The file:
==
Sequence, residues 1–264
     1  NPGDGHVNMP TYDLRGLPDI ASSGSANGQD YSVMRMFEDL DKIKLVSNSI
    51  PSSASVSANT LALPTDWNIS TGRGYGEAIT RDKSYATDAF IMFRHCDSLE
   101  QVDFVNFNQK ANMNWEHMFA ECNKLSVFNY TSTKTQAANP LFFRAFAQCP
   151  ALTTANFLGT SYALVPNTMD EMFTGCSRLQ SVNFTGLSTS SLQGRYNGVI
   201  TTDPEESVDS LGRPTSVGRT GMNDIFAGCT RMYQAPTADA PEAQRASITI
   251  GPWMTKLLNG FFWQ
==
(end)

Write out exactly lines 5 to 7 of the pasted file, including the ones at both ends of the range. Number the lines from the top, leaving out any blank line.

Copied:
   151  ALTTANFLGT SYALVPNTMD EMFTGCSRLQ SVNFTGLSTS SLQGRYNGVI
   201  TTDPEESVDS LGRPTSVGRT GMNDIFAGCT RMYQAPTADA PEAQRASITI
   251  GPWMTKLLNG FFWQ